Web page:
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On September 29, Governor Brown signed legislation that is seen as creating a robust new financing tool which will expand the existing mechanism of Infrastructure Financing Districts (“IFDs”) and replicate some of the functions of the state’s abolished local redevelopment agencies.  SB 628 (Beall; D-San Jose) authorizes local officials to create Enhanced IFDs and issue bonds to finance capital improvement projects and other specified projects of communitywide significance.  Enhanced IFDs may include any portion of a former redevelopment project area.

The tax-increment financing structure could be used to finance, among other initiatives:

  • The acquisition and redevelopment of industrial structures for private use
  • Parks
  • Recreational facilities
  • Open space
  • Environmental cleanups
  • Low and moderate-income housing
  • Sewage treatment and water reclamation plants
  • Transit priority projects

Significantly, the new financing authority can also use eminent domain powers previously exercised solely by the now defunct redevelopment agencies under the Polanco Redevelopment Act.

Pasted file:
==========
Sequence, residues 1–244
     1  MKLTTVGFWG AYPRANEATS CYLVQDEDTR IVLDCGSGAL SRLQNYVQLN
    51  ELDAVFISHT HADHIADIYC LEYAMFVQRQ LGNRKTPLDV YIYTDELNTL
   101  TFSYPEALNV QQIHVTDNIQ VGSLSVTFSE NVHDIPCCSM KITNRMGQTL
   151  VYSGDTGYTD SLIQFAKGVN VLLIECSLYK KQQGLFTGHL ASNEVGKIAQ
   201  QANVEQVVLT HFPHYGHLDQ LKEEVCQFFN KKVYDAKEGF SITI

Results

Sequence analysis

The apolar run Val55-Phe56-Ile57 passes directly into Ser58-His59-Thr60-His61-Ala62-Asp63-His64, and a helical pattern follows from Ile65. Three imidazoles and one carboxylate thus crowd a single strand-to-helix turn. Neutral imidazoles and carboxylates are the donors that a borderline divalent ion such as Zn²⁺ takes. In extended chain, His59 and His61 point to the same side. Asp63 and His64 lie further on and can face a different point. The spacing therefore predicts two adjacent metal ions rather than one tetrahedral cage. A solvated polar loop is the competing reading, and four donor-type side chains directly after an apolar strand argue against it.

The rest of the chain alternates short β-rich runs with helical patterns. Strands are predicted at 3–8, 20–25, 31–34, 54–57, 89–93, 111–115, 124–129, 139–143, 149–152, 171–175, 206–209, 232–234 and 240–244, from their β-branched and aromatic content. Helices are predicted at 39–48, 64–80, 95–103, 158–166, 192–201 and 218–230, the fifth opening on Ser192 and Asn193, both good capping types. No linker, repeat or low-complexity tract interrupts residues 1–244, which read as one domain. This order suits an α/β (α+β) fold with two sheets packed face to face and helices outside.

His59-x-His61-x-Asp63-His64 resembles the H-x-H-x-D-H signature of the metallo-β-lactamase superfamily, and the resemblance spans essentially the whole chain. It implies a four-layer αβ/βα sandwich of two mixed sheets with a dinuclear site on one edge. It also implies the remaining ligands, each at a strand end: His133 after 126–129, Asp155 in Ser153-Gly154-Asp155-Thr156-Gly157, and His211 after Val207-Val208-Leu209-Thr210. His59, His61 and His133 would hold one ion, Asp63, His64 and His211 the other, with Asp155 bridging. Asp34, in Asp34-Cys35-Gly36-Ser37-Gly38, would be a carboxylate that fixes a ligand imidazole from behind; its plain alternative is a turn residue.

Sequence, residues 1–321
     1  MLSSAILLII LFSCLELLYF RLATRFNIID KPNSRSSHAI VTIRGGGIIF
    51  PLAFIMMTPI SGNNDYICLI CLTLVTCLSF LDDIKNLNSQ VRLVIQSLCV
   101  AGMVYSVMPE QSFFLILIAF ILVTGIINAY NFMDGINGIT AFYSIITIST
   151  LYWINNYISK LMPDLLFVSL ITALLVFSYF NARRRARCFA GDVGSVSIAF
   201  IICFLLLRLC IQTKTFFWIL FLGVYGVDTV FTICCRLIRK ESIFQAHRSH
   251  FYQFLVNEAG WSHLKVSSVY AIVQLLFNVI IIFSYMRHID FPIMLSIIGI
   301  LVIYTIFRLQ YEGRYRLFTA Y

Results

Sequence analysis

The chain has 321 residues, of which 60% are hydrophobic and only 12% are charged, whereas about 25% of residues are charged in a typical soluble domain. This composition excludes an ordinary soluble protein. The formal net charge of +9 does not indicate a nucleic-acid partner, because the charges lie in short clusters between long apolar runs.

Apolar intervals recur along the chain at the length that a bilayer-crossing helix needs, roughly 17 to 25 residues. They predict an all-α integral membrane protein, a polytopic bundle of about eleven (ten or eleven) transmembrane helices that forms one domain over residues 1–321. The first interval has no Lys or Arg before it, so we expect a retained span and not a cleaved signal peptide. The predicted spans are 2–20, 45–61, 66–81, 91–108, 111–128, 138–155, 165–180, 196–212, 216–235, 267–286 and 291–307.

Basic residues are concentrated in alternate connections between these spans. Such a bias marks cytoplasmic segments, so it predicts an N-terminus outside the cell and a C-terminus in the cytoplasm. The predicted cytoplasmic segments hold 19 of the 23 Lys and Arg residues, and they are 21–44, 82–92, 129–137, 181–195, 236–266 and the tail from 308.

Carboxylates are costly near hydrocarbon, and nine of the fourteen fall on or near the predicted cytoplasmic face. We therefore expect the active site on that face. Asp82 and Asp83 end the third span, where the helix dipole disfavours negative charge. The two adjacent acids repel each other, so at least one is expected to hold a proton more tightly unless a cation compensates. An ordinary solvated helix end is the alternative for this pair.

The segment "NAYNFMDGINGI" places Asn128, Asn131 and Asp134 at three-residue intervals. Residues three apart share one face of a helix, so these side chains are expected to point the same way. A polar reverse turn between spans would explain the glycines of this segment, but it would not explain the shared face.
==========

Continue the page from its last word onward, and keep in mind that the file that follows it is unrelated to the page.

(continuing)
Enhanced IFDs require a city or county to establish a governing board for the authority and adopt an infrastructure financing plan with project eligibility requirements.  A city or county can create an Enhanced IFD without a vote; however, approval of 55% of the voters in the district is required to issue bonds.  Authorization for creating the Enhanced IFDs depends on the completion of certain repayment obligations by successor agencies of the former redevelopment agencies formed by the city or county seeking to create the new district.  In response to concerns from affordable housing advocates, successor agencies must remit to the state any low and moderate income housing funds.  However, the precise scope and schedule of the repayment obligations remains to be determined by the Department of Finance (“DOF”) through the required notice of completion from DOF and the state office of the Controller.  This prerequisite may impact the timing of implementation of the districts.

Local governments may now have an opportunity to build and repair infrastructure by utilizing the tax‑increment financing tools they had under redevelopment.  Enhanced IFDs will not only support the development of public infrastructure, but can also provide a foundation for the private sector to help build California infrastructure through public-private partnerships.